These are our current research projects and general research areas of interest.


Two of the main research threads in AI revolve around the development of data-based learners capable of inferring behavior and functions from experience and data, and model-based solvers capable of tackling well-defined but intractable models like SAT, classical planning, and Bayesian networks. Learners, and in particular deep learners, have achieved considerable success but result in black boxes that do not have the flexibility, transparency, and generality of their model-based counterparts. Solvers, on the the hand, require models which are hard to build by hand. The RLeap project aims at achieving an integration of learners and solvers in the context of planning by addressing the problem of learning first-order planning representations from raw perceptions alone without using any prior symbolic knowledge. The ability to construct first-order symbolic representations and using them for expressing, communicating, achieving, and recognizing goals is a main component of human intelligence and a fundamental, open research problem in AI. By addressing and solving this problem, the project can make a difference in how general, explainable, and trustworthy AI can be understood and achieved.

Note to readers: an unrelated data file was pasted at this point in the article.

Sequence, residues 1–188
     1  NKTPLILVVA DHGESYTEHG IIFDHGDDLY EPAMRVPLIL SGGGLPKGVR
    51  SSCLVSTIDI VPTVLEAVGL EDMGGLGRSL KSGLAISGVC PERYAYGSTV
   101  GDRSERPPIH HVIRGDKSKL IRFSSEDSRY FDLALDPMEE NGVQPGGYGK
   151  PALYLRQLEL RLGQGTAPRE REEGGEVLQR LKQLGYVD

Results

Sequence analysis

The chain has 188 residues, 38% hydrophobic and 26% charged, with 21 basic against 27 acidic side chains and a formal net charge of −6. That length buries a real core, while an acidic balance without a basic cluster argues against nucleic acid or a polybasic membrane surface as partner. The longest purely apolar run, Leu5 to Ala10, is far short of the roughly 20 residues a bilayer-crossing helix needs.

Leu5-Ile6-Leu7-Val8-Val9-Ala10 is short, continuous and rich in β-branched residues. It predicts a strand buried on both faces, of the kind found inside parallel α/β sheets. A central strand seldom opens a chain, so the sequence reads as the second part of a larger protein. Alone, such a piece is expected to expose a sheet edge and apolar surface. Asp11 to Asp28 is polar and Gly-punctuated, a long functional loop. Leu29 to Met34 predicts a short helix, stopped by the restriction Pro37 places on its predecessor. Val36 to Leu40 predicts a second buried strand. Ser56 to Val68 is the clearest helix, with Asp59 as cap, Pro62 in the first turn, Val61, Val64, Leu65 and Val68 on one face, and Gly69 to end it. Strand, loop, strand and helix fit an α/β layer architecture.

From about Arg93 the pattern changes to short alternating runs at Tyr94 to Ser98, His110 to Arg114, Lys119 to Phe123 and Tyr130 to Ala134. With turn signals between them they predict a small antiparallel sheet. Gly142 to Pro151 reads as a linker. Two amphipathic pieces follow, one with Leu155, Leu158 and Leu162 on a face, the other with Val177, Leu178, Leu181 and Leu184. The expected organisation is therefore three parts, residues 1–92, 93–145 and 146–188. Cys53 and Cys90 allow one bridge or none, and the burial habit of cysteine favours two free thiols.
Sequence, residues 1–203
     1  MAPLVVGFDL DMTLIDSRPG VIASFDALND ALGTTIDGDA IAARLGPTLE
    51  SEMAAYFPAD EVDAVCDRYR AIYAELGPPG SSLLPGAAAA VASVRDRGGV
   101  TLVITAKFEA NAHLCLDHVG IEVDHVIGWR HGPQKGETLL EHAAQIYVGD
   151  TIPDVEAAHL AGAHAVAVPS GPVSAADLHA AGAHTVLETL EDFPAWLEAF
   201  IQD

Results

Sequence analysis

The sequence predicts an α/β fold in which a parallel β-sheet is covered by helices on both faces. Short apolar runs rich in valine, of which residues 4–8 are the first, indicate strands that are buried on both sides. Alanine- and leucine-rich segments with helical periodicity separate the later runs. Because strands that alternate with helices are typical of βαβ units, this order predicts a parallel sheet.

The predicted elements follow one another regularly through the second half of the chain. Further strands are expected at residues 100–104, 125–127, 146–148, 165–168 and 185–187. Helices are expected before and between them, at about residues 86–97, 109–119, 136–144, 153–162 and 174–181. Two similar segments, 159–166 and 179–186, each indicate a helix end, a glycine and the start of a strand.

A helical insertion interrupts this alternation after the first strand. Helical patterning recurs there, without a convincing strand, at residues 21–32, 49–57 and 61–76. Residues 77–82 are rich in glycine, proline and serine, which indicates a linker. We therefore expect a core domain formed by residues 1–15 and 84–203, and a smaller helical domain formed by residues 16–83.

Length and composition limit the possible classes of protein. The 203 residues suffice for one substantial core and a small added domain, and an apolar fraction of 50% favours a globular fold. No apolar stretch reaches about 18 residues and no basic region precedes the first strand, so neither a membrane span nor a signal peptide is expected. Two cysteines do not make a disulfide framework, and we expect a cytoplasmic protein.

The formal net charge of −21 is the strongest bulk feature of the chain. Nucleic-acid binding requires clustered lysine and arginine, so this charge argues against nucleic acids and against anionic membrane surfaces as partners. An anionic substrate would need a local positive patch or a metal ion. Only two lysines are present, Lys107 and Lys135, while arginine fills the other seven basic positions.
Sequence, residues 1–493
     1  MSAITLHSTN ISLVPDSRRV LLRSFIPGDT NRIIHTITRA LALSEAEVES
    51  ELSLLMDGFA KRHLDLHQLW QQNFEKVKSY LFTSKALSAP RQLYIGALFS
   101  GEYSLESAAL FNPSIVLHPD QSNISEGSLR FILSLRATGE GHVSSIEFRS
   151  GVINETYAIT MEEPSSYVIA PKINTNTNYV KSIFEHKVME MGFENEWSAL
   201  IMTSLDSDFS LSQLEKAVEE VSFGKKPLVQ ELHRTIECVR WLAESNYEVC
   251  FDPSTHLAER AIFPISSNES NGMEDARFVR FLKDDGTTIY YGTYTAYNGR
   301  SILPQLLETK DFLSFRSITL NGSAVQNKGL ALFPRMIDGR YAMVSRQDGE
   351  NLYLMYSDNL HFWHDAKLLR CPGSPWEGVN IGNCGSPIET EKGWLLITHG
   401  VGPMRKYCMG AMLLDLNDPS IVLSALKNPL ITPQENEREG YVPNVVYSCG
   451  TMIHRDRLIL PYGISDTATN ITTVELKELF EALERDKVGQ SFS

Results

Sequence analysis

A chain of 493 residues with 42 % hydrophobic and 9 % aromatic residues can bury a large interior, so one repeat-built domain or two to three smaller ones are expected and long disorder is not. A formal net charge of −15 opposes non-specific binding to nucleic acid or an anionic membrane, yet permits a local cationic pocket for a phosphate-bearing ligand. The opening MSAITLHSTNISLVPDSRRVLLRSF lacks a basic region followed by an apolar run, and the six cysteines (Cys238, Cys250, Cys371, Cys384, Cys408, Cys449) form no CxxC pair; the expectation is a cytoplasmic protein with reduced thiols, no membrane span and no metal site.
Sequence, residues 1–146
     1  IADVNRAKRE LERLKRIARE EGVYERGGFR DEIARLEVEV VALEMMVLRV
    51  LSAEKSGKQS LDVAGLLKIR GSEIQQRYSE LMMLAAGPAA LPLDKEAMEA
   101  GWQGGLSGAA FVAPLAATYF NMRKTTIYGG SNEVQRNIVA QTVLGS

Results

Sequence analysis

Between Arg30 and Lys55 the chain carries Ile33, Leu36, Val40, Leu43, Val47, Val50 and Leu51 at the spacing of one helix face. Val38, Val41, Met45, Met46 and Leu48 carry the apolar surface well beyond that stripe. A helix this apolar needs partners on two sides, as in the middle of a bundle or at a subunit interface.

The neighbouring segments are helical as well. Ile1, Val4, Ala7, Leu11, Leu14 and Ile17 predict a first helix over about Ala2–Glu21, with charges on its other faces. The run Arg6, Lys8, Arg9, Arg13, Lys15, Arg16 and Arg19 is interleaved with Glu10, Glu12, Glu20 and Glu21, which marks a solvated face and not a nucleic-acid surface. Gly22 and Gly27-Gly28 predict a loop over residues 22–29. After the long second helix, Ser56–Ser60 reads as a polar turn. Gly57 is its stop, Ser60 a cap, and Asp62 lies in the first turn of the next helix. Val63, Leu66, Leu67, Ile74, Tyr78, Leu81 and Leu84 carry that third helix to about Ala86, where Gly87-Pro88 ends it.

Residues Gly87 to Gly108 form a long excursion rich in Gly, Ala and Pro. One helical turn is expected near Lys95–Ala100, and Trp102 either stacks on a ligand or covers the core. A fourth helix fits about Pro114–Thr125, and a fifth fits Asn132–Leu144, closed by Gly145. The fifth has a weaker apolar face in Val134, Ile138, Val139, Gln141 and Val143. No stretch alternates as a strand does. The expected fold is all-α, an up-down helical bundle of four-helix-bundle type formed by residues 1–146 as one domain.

RLeap is partially funded by an ERC Advanced Grant (1 October 2020 - 30 September 2025). Read more about the project here.

Learning Dynamic Algorithms for Automated Planning

Connecting the fields of model-based reasoning and data-driven learning has recently been identified as one of the key research goals in artificial intelligence. Our project will contribute to this endeavor, focusing on the area of automated planning. We will learn heuristic functions that guarantee optimal solutions and planning algorithms that dynamically adapt to the given task.

This project is partially supported by the Wallenberg AI, Autonomous Systems and Software Program (WASP) funded by the Knut and Alice Wallenberg Foundation.

General research topics